By Karen Kemmerle
New York icon Halston first became well known in the United States for designing the famous pillbox hat worn by Jackie Kennedy at the Presidential inauguration. Later he dressed such stars as Elizabeth Taylor, Liza Minnelli, Bianca Jagger and Lauren Bacall. In addition to his supreme talents as a designer, his rule as the undisputed king of the NYC social scene during the Studio 54 era enhanced his considerable notoriety.
Through film clips, interviews and archival footage, filmmaker Whitney Sudler-Smith takes his audience on a ride (literally, in his vintage Trans Am) back in time to the world of style that Halston personified during the 70s in NYC. While interviewing Halston’s friends—Liza Minnelli, Anjelica Huston, Andre Leon Talley, and Diane Von Furstenberg—Sudler-Smith personally investigates Halston’s life and legacy, including taking us on a tour of Halston’s lavish New York City penthouse. Untraditional and refreshingly off the cuff, Sudler-Smith is an effective guide through the buzz surrounding the legendary designer. Dressed in an impeccable, studded Burberry trench coat, Whitney Sudler-Smith recently sat down with us to discuss his film and the iconic Halston.
Credit: Pierre Schermann
Tribeca: From the documentary, it is obvious that you have always been enamored with the New York scene in the 70s, but what first intrigued you about Halston in particular?
Whitney Sudler-Smith: I get asked this question so many times I forget what I should say. [laughs] Halston was so revolutionary. He was one of regulars at Studio 54. Together, Halston and [Andy] Warhol ran the New York social scene, fashion-wise and art-wise. Through Studio 54, they co-represented this magical era that no longer exists. New York was very different back then. The city was bankrupt, and crime, drugs and prostitution were endemic. Out of all the turmoil came this great explosion of art, fashion and music. Halston was the one of the figureheads of this special time in American history. That’s what really interested me in the subject. Halston was the first superstar designer. His story is compelling in that it’s this Shakespearean rise and fall amidst this incredible historical backdrop.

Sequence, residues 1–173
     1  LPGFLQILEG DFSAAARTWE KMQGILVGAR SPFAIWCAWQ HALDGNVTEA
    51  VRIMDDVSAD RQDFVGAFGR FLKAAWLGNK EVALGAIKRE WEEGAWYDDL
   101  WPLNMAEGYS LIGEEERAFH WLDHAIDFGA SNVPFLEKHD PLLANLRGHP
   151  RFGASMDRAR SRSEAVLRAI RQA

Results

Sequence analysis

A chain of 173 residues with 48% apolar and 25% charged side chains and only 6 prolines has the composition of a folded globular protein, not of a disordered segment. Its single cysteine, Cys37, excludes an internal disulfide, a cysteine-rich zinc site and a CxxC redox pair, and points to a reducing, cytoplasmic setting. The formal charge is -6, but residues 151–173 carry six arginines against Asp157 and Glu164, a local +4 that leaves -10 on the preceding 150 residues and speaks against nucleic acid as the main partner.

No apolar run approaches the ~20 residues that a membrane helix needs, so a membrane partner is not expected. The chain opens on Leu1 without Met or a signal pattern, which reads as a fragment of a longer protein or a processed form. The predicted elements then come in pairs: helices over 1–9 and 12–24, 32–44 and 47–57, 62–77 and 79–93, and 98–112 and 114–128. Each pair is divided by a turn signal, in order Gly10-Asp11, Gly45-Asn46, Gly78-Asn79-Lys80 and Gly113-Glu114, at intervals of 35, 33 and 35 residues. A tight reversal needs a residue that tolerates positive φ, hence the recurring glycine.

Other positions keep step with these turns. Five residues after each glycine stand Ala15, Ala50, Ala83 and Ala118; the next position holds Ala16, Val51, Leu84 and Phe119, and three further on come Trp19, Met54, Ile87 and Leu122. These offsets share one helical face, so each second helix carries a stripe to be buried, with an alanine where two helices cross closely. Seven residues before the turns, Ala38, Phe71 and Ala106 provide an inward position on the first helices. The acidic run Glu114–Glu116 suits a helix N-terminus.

Tribeca: Did you have any predetermined notions about Halston before you made the documentary?
Whitney Sudler-Smith: I did. I went into this thinking that he was this superficial disco junkie, but he was a great artist and a revolutionary fashion designer. The more I talked to people, I found that Halston was loved and admired by almost everyone he came into contact with. He should be respected as the artist he was as opposed to solely representing disco and the Studio 54 days. Fashion-wise, Halston put the disco look on the map. It couldn’t have happened without him.
Tribeca: People who knew Halston personally seem so receptive to you and your film as evidenced by the legends that you were able to interview. How did you go about approaching Liza, who was Halston’s best friend, and the others of his entourage?
Whitney Sudler-Smith: It was hard. A lot of these fashion characters, or characters in general, are hard to get access to, but fortunately a friend of mine knew this furrier, of all things, who was best friends with Liza. They told her we were doing a documentary on Halston and wanted to set up an interview with her. Liza was my first interview, which was a bit intimidating. You just have to email and approach different contacts and try to get these people to open up. If they are interested in the subject matter and you seem semi-legitimate, you have a good chance. Fortunately, for whatever reason, I came across that way [laughs]. Though, for the most part, it’s hard to get people to talk and especially open up about this time period. Some other characters I tried to go after weren’t exactly receptive…